Thepublished a summary of a conference on misclassification of workers. It says:
The insurance industry loses more than $100 million per year in premiums when misclassified workers are added onto workers’ compensation policies. This RIMS 2016 session discussed the issues related to employee misclassification, including state and federal action on this matter and the impact on employer and insurer costs and risk. …
Risks of Employee Misclassification
There are significant risks to both the employer and insurance carrier.
Employer risks include:
- Payment of back wages.
- Civil penalties.
- Criminal prosecution.
- Stop work orders.
Insurer risks include:
- Uncertain workers’ compensation distributions relative to premiums collected.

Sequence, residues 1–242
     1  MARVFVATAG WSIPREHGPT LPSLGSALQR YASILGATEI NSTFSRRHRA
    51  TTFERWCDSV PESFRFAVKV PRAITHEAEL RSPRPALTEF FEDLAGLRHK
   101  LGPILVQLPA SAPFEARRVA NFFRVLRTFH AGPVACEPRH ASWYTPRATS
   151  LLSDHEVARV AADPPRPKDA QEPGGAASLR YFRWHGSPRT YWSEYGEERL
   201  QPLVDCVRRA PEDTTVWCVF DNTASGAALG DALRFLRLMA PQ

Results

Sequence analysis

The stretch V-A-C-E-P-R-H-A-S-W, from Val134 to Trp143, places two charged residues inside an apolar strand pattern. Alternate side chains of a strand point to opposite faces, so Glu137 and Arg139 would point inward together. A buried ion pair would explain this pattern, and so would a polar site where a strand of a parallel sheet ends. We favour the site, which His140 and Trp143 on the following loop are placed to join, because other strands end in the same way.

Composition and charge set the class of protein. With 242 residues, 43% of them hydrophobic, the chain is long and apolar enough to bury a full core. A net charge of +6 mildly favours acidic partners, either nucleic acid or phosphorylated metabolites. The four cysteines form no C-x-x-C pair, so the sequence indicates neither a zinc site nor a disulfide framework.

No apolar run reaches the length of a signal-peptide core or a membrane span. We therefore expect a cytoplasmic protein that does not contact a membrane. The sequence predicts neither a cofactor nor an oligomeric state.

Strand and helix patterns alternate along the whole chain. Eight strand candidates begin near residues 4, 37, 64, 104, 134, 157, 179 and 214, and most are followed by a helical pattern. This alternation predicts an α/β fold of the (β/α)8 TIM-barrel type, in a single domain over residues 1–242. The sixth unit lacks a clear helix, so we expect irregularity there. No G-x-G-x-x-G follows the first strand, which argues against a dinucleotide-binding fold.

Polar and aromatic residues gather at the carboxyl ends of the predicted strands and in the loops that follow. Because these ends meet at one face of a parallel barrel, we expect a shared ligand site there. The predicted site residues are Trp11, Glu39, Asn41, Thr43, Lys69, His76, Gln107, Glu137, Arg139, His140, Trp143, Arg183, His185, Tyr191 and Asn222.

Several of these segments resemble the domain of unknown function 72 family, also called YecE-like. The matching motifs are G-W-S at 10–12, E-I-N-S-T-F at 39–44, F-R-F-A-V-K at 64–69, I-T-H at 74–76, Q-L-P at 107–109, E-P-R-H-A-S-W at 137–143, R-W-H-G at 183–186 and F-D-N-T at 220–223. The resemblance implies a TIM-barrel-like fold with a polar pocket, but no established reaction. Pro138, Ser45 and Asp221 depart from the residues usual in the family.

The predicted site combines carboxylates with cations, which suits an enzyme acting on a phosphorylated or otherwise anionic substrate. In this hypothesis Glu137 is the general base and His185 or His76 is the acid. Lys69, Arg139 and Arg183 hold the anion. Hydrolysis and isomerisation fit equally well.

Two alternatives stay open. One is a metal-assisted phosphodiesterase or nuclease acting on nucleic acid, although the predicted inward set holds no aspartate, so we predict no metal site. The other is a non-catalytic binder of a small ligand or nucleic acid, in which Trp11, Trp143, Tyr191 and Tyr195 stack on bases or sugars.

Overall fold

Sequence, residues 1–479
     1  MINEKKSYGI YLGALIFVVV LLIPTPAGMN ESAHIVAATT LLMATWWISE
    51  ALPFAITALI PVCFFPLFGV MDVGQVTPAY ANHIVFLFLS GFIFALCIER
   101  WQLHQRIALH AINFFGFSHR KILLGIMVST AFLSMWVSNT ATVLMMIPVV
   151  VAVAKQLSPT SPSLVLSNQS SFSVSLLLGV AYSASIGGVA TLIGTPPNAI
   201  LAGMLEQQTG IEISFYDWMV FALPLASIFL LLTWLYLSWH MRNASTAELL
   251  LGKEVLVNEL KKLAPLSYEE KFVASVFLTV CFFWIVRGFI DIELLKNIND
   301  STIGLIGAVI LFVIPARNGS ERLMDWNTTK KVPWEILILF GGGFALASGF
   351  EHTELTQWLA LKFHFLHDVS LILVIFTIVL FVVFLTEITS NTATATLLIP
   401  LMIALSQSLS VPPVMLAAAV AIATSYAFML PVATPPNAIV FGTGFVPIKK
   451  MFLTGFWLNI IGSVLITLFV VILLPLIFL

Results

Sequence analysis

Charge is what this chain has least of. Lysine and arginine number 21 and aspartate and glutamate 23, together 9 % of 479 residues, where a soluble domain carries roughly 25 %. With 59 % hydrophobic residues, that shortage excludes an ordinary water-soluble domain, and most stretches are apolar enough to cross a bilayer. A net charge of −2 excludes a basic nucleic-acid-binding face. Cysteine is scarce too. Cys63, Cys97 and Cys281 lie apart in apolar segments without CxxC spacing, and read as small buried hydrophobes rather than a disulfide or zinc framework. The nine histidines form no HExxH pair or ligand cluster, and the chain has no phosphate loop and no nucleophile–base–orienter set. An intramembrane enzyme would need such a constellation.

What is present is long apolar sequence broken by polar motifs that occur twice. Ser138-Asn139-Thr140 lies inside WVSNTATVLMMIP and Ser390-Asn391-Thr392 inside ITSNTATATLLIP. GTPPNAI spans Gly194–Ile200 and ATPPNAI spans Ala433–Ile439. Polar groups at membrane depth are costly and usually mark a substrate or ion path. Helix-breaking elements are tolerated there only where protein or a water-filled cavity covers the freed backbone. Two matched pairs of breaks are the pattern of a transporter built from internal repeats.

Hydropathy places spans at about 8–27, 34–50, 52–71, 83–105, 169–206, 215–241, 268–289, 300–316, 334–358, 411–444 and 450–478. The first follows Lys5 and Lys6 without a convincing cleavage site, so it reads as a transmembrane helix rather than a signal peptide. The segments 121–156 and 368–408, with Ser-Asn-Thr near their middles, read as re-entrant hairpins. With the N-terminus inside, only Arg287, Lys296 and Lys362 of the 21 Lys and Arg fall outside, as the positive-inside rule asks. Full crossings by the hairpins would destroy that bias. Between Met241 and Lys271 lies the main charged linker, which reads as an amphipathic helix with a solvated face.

- Differences in policies relative to state standards/regulation.
- Possible unintended liability exposure and risk.
- Unrealized revenue from employers impacted from misclassification enforcement.
Ways to minimize risk:
- Avoid contracting with former employees.
- Limited contractor access to employer facilities.
- Avoid use of uniforms, business cards.
- Contractors working off site of under their own on-site management.
- Contractors self trained or trained elsewhere.
- Project specific work with limited duration.
- Use of staffing agency.
- Clear and concise independent contractor agreements.
- Periodic self audits.